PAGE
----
The wicked step-linkspammer (11th June, 2010)

  • tigtog highlights editorials and articles in Nature questioning sex bias in medical testing, particularly the exclusion of pregnant subjects.
  • harpers_child is angry: Batman fans asked DC Comics for a in-comic memorial for Stephanie Brown, a female Robin. And one of the DC Comics writers comes out with threats of violence over it.
  • Shelby Knox asks What Does a Feminist Wear?: So, what do you/would you wear to represent your feminism? Do you consciously choose your outfits before you go out to commit public acts of feminism? What are the fashion stereotypes of feminists that you would like to see shattered and are there some visual signifiers you’d like to keep around?
  • Hardcore Maleness: Let’s cut through the crap, shall we? The terms casual and hardcore are codes… Hardcore equals masculine. Casual equals feminine. It’s just that simple, and all the marketing-speak about core gamers won’t change that.
  • FEMINIST HULK has a big following on Twitter, now there’s more from the big green patriarchy-smashing machine: FEMINIST HULK SMASH EXCLUSIVE INTERVIEW WITH MS.!. Comics Alliance also introduces other feminist comic heroes on Twitter.
  • Alisa Krasnostein writes about The Invisibility of Women in Science Fiction about two recent attempts to highlight Big Names, which of all possible women candidates, included only Ursula Le Guin and Mary Shelley.
  • Moose J. Finklestein notes that despite an explicit comments policy against sexism, Comsumerist.com is unwilling to act when it happens.
  • Naomi Baker writes about how women in developing countries can be severely restricted by lack of access to menstrual products in High Cotton.
  • Kimli posts as part of a Twitter discussion of children at the Northern Voice social media conference: … it’s up to the parents to arrange something; not the Northern Voice organizers… but this year, no one arranged anything. People brought their children, and there was nowhere to put them.
  • Sumana Harihareswara interviews Elizabeth Smith, maintainer of PHP-GTK, for GNOME journal.

If you have links of interest, please share them in comments here, or if you’re a delicious user, tag them “geekfeminism†to bring them to our attention. Please note that we tend to stick to publishing recent links (from the last month or so).

Thanks to everyone who suggested links in comments and on delicious.

Death by a thousand links (20th April, 2010)

If you have links of interest, please share them in comments here, or if you’re a delicious user, tag them “geekfeminism†to bring them to our attention. Please note that we tend to stick to publishing recent links (from the last month or so).

Thanks to everyone who suggested links in comments and on delicious.

2009 Tiptree Award Winners: Gilman and Yoshinaga

The James Tiptree, Jr. award is a yearly “prize for science fiction or fantasy that expands or explores our understanding of gender.” The award council has just announced that the winners, for work published in 2009, are:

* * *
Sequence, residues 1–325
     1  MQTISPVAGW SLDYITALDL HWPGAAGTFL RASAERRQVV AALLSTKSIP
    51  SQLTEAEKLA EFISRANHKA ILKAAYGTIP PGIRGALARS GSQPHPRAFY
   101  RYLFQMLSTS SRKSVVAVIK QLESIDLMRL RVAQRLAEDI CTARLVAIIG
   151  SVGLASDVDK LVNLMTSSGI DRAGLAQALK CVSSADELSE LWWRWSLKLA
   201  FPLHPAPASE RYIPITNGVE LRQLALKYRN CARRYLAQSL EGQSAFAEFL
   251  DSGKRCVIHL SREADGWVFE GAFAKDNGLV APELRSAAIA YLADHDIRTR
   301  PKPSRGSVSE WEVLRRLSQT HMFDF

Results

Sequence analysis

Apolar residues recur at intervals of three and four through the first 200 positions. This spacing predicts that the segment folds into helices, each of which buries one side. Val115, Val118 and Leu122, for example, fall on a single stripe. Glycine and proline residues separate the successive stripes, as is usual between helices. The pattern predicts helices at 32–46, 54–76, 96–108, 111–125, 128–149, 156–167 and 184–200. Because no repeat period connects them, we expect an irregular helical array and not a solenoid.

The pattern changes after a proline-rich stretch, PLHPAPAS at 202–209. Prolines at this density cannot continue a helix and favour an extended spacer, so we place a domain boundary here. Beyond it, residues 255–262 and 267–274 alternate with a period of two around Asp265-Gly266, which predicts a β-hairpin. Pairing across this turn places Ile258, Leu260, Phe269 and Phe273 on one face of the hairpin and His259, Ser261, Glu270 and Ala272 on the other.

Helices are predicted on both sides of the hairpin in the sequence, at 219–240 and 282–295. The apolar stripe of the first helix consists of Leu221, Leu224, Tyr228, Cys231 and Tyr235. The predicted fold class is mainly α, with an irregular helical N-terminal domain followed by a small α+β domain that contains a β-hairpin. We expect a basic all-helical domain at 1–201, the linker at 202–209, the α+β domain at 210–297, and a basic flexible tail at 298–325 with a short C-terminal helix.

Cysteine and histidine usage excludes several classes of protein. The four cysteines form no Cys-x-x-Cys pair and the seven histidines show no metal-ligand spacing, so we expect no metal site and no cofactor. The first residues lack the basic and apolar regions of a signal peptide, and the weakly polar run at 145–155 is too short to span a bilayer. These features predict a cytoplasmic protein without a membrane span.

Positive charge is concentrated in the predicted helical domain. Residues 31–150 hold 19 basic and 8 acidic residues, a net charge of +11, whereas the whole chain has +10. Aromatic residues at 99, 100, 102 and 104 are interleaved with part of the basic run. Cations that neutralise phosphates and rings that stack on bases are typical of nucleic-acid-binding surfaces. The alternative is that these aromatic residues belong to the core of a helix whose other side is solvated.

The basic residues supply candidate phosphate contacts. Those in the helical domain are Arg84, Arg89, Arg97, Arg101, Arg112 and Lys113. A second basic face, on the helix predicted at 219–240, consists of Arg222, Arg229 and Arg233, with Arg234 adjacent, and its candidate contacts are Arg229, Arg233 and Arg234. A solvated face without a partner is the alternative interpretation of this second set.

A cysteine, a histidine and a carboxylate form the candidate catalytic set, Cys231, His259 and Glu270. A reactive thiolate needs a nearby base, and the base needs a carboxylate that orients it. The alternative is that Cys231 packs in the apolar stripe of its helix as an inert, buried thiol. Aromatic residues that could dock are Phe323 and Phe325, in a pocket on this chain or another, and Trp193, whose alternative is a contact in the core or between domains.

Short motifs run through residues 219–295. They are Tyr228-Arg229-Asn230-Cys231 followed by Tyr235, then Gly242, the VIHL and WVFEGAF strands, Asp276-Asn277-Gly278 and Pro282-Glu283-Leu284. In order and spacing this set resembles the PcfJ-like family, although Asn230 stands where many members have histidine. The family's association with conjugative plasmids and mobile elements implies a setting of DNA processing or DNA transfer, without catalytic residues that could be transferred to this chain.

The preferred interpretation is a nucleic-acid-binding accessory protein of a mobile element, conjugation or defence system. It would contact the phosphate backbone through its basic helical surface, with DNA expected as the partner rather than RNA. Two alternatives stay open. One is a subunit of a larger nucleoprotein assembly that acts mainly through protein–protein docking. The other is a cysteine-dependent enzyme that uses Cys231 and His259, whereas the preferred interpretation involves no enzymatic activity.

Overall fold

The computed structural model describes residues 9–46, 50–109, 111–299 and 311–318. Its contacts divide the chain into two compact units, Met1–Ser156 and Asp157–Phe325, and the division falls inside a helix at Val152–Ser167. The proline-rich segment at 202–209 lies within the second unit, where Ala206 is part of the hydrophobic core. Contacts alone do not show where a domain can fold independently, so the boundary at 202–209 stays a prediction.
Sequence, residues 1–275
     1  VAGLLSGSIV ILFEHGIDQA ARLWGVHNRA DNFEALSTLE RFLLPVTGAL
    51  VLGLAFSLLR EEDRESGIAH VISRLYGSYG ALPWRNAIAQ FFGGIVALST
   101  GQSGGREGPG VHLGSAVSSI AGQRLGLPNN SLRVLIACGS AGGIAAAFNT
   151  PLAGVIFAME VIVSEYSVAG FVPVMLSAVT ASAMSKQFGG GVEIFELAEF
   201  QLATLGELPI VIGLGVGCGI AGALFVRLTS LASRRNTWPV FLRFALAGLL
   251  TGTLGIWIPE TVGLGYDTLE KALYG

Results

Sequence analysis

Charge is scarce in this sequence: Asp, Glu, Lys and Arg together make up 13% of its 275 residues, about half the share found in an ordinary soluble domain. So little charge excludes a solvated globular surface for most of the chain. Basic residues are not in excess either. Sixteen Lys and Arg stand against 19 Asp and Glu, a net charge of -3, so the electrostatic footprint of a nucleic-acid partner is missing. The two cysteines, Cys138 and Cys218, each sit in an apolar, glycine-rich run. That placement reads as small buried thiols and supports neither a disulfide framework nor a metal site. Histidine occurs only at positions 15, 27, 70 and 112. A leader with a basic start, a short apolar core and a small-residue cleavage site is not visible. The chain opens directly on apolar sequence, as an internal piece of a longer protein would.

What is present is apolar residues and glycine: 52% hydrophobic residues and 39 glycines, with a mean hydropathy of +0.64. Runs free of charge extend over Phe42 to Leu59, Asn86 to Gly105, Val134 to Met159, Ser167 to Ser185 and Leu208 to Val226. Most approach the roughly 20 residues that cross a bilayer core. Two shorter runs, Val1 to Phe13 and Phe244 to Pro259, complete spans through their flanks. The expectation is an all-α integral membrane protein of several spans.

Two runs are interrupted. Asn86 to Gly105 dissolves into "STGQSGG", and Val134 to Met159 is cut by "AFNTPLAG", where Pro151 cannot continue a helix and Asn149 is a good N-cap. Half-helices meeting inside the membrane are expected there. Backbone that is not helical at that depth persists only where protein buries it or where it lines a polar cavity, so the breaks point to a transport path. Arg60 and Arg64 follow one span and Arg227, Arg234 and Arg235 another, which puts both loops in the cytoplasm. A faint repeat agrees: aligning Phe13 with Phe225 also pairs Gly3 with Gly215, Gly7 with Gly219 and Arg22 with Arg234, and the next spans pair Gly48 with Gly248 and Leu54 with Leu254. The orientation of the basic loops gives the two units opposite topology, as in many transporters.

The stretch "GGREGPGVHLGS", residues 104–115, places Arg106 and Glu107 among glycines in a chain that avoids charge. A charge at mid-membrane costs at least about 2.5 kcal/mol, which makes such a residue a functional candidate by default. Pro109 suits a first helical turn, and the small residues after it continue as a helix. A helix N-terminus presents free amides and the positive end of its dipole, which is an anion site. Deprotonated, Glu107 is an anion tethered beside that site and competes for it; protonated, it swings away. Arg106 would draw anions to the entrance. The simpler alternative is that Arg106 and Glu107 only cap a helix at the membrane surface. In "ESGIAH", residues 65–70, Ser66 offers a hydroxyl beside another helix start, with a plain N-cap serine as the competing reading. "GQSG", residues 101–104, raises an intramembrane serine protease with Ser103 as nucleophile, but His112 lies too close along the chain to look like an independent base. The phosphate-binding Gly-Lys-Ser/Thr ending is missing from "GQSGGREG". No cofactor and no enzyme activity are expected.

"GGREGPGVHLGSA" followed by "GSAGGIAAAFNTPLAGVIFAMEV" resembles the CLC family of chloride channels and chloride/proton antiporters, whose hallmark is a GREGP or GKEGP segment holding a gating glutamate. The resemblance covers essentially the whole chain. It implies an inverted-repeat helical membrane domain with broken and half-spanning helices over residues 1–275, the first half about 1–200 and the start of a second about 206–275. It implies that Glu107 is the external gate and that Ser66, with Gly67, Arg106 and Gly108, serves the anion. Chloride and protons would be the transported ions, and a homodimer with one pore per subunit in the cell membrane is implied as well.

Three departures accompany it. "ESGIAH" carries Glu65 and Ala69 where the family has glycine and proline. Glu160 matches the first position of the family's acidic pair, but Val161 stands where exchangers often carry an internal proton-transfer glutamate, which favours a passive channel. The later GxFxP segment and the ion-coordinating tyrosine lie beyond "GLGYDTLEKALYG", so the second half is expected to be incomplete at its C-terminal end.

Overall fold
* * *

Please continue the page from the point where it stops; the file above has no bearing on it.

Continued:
Greer Gilman, Cloud and Ashes: Three Winter’s Tales (Small Beer Press)

Fumi Yoshinaga, Ooku: The Inner Chambers, volumes 1 & 2 (VIZ Media)

Also check out the Honor List and Long List for other recent speculative fiction exploring gender. Stuff you can read online right now:

The Tiptree Award presentation is a highlight of WisCon, the feminist science fiction convention in May.  Just in case I won’t see you there to hear you enthuse about scifi in person, leave recommendations in the comments!

With a name like linkspam, it has to be good (8th March, 2010)

If you have links of interest, please share them in comments here, or if you’re a delicious user, tag them “geekfeminism†to bring them to our attention. Please note that we tend to stick to publishing recent links (from the last month or so).

Thanks to everyone who suggested links in comments and on del.icio.us (yes, I know they don’t care about the old-school URL anymore but I miss it).

Open thread: Robot Roll Call

finished Tom Servo lantern, lit by a 9-volt battery, on our windowsill

my new lantern

This thread is open for geek feminist introductions, speculations, reminiscences and chatter. Please see our commenting policy guidelines.

brainwane makes Tom talk

brainwane makes Tom talk

Conversational seed, in case you need one: in my recent sewing, software packaging, and lantern-making crafty/make-y/learn-y binge, I put some LEDs inside a gumball-dispensing toy my partner had found.

The toy looks exactly like Tom Servo, one of the robots from Mystery Science Theater 3000.

So:

  • Favorite robot, fictional or real?
  • Crafted/made anything you like recently?
  • Movie you can only stand by talking back to the screen, MSTK3K-style?

Organic freerange sustainably harvested linkspam, 28 February 2010

  • In multiple posts, Lucy Connor continues thinking about possible costs of diversity
  • N.K. Jemisin considers how she accidentally wrote a postfeminist protagonist in her new fantasy series
  • Maura McHugh, aka Splinster laments the SF industry’s failure to ask women’s opinions:

    In the article the magazine asked 34 directors, screenwriters and authors to name an obscure or under-rated cult horror that deserved better recognition. Yup, you guessed it, not a single woman was asked for her opinion.” What’s more, in a plot twist worthy of any novel of the genre, the SFX publication comes smack dab in the middle of Women in Horror Month, set up to raise awareness of and give recognition to the genre’s many female creators.